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Cultural mining, at the source

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A love of Latin American culture and a taste for adventure have led James Potemkin from a job teaching science to a life collecting Mexican arts and crafts.

            "I spent several years traveling in Latin America during the summers," Potemkin says, "and what awakened in my soul wasn't just the beauty of the landscapes but the wonderful arts and crafts."

            After several trips, Potemkin had enough stuff to fill a small storage facility. And he still wasn't done.

            "I finally opened a small store," he says, "primarily to pay the bills and to put out the crafts." That store, Animas Traders, opened in September, 1995.

            Potemkin isn't satisfied buying goods in large markets, preferring to get to the source. "I know at least 95 percent of the people who make these things," he says. "My personal interest is in meeting the people and telling the stories of the artists."

            In eight years, Potemkin has racked up 280,000 miles driving throughout Mexico. He's been lost many times but enjoys the adventure. "You have to take risks," he says. "Nothing will unfold unless you do."

            While most people believe bargaining for lower prices is accepted in Mexico, Potemkin refuses to do it.

            "The prices are so reasonable, there's no reason to argue for lower ones," he says. "This store is Fair Trade which means that the people set the prices and the people who actually make the things get a living wage. The vast majority of people I deal with are campesinos. They live in wrenching poverty but they'll insist you go to their family fiestas. I'll be on a buying trip but they'll pull me off the track of buying and into being part of their family."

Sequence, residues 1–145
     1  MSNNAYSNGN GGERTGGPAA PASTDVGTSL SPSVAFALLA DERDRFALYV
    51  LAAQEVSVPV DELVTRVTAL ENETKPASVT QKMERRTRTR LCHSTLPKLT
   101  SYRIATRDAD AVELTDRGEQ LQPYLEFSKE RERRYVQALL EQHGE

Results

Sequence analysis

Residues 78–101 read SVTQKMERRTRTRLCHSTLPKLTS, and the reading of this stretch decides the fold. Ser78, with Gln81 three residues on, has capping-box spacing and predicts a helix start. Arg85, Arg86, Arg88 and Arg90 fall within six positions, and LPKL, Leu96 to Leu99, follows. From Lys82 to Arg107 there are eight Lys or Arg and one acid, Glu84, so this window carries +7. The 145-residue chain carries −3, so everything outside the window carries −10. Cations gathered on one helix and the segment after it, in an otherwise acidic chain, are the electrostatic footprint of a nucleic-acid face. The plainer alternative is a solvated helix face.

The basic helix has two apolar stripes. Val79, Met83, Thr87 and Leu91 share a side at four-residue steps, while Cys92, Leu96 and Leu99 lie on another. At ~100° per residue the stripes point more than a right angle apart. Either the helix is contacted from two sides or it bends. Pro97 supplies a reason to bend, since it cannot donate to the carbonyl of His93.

He pauses and smiles. "Mexico. It just pulls you in."

            Animas Traders is located at 975 South Clinton Avenue, 442-8538.

--- Joseph Sorrentino

Merger in motion

On June 15, Colgate Rochester Crozer Divinity School's Board of Trustees approved a contract with the University of Rochester for a merger of the two institutions' libraries. By summer's end, a number of books will be moved from the Ambrose Swasey Library and the Rush Rhees Library at the University of Rochester.

            Over the next two summers, a large part of the Swasey collection --- "something fewer than 300,000," says Dean of River Campus Libraries Ronald Dow --- will be moved to Rush Rhees. Duplicates of items found in both collections will be sold. And some of the empty stack space at Swasey will be used to store seldom-used materials from UR.

            One main difference between the contract adopted June 15 and the terms approved by the board in May is the addition of a shuttle bus. The bus, part of a shuttle service UR runs to connect its campuses, will give Colgate students free transportation to the moved books.

            Materials that would support the general curriculum would stay where they are, Dow says, and those with more of a research focus would come to Rush Rhees. The details --- what will go and what will stay --- have not yet been decided.

            "It's not what we hoped for," says Colgate senior Tobias Pinckney. "Many of us are in shock. We are still expecting a change in direction that will live up to the legacy of this great seminary."

Correcting ourselves

In our Rochester International Jazz Festival wrap-up ("All that jazz," June 16-22), we mistakenly reported that Cuong Vu's drummer was John Hollenbeck. The drummer for the Rochester sets was, in fact, Rochester native Ted Poor, who has been playing and touring with Vu for the past several months.

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